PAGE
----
Stocks have gained about 13% since Election Day as of Tuesday, a day before Joe Biden’s inauguration — marking the the best post-election market performance for a new president in modern history, according to CFRA Research.
The second-biggest surge was from late 1960 to early 1961, when John F. Kennedy defeated Richard Nixon, and the S&P 500 rose 8.8%. The market continued to rally during JFK’s first 100 days in office, rising another 8.9%.
The current Biden market surge represents the second time in a row that Wall Street has cheered a new president: Stocks gained more than 6% in the election to inauguration period after Donald Trump beat Hillary Clinton in 2016. The market gained 5% during Trump’s first 100 days as well.
But there’s one major difference: Trump was inheriting an economy that was growing at a stable rate during the long, post-Great Recession recovery. Biden is walking into the Covid-19 economy.
Investors seem hopeful that Biden, along with a Democrat-controlled House and Senate, will work with Republicans to quickly pass another stimulus bill.
The stimulus expectations, combined with the fact that Americans are starting to receive coronavirus vaccinations, has fueled hopes that the economy – and corporate earnings – will improve later this year.
Oil, banks and small cap stocks getting a bigger Biden boost
To that end, the energy and financial sectors have been the best performers since the election. Oil companies should benefit from an improving economy and rising crude prices, while banks often do better when there is increased demand for loans.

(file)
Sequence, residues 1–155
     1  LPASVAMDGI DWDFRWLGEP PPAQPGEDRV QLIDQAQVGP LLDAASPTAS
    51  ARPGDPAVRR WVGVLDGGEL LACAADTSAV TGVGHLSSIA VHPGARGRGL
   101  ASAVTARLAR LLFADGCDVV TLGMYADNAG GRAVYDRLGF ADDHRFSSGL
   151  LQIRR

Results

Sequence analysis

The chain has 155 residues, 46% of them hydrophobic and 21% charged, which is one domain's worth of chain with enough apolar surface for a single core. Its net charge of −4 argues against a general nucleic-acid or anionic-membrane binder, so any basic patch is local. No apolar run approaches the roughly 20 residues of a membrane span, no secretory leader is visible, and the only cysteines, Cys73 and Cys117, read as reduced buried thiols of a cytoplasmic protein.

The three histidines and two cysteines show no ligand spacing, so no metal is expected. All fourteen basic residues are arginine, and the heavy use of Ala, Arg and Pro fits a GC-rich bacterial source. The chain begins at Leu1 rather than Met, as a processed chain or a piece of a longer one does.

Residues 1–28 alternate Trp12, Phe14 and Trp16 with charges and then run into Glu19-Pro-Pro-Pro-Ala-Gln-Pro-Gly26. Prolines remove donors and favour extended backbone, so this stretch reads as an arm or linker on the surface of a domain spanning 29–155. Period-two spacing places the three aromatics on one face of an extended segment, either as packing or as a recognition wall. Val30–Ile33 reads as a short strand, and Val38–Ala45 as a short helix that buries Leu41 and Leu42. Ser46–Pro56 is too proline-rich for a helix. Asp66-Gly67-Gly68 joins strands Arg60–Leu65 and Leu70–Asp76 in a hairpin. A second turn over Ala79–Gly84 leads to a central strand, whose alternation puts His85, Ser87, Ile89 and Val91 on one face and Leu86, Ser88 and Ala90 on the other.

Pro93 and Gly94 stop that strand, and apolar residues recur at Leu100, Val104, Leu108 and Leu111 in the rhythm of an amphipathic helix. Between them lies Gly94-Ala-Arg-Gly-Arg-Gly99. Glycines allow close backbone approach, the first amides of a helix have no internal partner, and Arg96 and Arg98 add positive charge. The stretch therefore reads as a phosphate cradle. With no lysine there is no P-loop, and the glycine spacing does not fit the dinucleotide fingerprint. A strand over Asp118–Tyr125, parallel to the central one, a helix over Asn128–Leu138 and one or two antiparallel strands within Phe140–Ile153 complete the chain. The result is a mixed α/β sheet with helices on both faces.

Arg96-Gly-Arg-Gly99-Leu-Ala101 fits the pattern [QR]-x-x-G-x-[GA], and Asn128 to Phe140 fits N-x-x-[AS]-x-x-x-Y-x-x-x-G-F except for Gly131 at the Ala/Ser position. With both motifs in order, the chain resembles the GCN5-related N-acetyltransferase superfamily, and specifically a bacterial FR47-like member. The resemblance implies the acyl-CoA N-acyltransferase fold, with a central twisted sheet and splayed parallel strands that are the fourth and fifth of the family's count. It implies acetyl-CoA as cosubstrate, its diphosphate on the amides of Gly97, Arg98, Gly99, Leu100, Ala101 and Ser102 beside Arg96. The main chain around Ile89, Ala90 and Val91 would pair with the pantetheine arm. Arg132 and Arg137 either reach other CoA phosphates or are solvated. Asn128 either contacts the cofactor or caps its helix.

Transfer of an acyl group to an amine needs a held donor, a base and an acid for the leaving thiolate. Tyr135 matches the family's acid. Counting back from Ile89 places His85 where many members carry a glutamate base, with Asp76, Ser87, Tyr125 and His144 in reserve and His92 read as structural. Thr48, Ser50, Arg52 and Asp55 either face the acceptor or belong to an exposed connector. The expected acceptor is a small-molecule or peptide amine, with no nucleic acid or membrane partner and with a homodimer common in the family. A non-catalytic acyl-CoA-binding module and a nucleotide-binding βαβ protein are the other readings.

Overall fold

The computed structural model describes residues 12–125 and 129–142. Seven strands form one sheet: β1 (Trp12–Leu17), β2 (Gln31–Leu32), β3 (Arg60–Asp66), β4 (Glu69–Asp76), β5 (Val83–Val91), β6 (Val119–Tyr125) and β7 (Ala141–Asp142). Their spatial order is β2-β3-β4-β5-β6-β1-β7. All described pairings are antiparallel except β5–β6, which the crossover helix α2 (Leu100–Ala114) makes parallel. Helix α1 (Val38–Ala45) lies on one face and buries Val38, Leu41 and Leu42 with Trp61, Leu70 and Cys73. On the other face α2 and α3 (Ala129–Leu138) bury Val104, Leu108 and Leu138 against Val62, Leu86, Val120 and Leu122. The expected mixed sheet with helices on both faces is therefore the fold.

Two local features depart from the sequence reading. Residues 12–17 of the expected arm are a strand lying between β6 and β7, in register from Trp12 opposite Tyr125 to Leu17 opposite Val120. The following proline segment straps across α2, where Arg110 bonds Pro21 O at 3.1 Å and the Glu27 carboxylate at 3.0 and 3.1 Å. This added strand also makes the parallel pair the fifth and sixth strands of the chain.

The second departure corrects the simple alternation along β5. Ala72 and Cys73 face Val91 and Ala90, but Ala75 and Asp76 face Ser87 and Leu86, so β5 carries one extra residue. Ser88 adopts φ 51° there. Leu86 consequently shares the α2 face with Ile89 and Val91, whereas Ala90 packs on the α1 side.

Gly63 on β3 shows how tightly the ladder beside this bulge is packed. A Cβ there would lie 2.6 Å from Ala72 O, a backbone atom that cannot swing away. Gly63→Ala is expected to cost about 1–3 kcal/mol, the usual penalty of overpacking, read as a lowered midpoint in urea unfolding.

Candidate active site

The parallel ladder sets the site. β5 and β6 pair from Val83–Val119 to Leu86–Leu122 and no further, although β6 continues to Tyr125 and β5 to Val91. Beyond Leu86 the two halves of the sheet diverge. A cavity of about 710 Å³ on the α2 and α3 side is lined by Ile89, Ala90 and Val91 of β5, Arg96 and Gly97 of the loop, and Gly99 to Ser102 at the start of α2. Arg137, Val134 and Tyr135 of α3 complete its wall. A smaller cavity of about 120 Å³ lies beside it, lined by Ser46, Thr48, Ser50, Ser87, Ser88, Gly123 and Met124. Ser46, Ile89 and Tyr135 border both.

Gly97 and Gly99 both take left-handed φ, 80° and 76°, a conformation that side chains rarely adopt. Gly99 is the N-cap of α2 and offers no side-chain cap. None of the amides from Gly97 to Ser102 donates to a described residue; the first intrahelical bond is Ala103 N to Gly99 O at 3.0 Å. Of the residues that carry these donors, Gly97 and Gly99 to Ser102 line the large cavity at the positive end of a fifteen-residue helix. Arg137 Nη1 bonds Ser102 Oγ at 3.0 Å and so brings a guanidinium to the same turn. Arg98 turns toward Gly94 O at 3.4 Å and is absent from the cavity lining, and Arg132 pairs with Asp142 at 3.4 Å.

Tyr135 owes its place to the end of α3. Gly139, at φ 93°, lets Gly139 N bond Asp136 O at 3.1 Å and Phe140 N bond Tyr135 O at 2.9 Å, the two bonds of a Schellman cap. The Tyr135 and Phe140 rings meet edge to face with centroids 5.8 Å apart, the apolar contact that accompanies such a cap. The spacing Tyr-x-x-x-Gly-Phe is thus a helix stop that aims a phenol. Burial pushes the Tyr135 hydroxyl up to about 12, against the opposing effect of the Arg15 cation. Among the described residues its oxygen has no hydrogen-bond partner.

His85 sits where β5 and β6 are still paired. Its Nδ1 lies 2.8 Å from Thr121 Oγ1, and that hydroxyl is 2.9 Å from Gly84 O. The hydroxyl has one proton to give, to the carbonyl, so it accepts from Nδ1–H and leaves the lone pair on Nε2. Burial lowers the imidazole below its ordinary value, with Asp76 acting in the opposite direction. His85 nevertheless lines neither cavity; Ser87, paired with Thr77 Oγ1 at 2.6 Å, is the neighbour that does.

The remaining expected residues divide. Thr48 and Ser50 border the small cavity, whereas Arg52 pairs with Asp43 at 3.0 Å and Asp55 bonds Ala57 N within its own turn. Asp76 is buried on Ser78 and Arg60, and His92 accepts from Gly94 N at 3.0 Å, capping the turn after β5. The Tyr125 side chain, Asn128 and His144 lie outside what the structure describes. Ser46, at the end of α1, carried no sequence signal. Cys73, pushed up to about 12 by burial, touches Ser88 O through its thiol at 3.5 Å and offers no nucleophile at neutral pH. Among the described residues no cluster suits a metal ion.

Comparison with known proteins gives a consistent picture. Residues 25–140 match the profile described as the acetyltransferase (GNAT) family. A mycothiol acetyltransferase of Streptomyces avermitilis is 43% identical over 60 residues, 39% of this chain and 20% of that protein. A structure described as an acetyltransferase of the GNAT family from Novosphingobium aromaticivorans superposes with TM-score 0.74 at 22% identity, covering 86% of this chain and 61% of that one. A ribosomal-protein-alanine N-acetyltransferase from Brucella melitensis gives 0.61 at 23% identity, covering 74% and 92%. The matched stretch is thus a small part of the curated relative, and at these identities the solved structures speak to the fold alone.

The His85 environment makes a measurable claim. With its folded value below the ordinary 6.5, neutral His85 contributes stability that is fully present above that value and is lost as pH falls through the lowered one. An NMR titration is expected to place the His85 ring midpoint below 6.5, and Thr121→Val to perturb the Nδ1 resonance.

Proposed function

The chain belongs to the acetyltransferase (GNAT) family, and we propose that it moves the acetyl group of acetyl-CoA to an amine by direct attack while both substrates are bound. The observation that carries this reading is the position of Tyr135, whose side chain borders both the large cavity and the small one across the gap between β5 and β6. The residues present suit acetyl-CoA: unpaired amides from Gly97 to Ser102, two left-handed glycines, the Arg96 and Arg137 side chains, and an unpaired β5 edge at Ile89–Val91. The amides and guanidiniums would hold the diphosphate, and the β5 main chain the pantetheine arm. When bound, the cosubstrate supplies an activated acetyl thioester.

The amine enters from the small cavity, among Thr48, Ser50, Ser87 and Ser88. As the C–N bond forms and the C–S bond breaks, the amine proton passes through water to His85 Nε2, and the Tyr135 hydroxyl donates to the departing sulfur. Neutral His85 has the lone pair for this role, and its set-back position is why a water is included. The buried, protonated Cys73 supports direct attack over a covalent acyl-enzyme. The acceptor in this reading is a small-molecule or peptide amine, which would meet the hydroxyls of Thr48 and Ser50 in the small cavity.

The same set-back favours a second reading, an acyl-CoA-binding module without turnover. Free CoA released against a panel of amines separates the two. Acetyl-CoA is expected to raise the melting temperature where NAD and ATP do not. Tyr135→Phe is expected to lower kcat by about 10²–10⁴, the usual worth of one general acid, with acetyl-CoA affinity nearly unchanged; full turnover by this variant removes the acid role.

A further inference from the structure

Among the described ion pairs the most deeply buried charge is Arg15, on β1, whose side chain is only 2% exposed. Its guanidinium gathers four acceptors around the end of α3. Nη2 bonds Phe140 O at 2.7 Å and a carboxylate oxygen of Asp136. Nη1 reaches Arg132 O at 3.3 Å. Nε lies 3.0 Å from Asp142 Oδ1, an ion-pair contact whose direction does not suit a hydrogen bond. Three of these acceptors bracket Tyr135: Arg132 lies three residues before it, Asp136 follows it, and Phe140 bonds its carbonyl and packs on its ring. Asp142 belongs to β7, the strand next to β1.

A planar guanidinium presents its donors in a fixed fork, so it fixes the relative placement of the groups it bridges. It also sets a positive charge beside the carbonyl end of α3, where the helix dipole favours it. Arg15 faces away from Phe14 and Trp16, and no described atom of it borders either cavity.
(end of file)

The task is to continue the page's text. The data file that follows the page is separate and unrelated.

Small cap stocks have also outperformed the S&P 500, a move that makes sense considering that smaller companies have more exposure to the US economy compared to the large multinational firms that dominate the Dow and S&P 500.
The Biden boost is also in stark contrast to how stocks performed the previous two instances a new president was coming into power during tumultuous economic times.
The S&P 500 fell more than 6% in late 2000 and early 2001 after George W. Bush defeated Al Gore. That election was contested as well, adding to uncertainty that was already present in the market as a result of the dot-com bubble bursting earlier in 2000.
And stocks plummeted nearly 20% from November 2008 through mid-January 2009 after Biden’s former boss Barack Obama defeated the late John McCain. Investors were still extremely nervous about the collapse of Lehman Brothers and the rash of high profile bank failures at the time.
But experts say investors need to realize that market performance between the election and the inauguration is not necessarily a harbinger of things to come for the rest of the year.
CFRA Research chief investment strategist Sam Stovall noted in the report that “the S&P 500 is overdue for a digestion of gains that could push the index value below its 2020 closing level.”
In other words, the rest of the year might be bumpy. But any downturns could be brief: Stovall also predicted that any market pullbacks in 2021 will be “set early enough in the year to allow for time to recoup all losses and go on to set even higher highs.”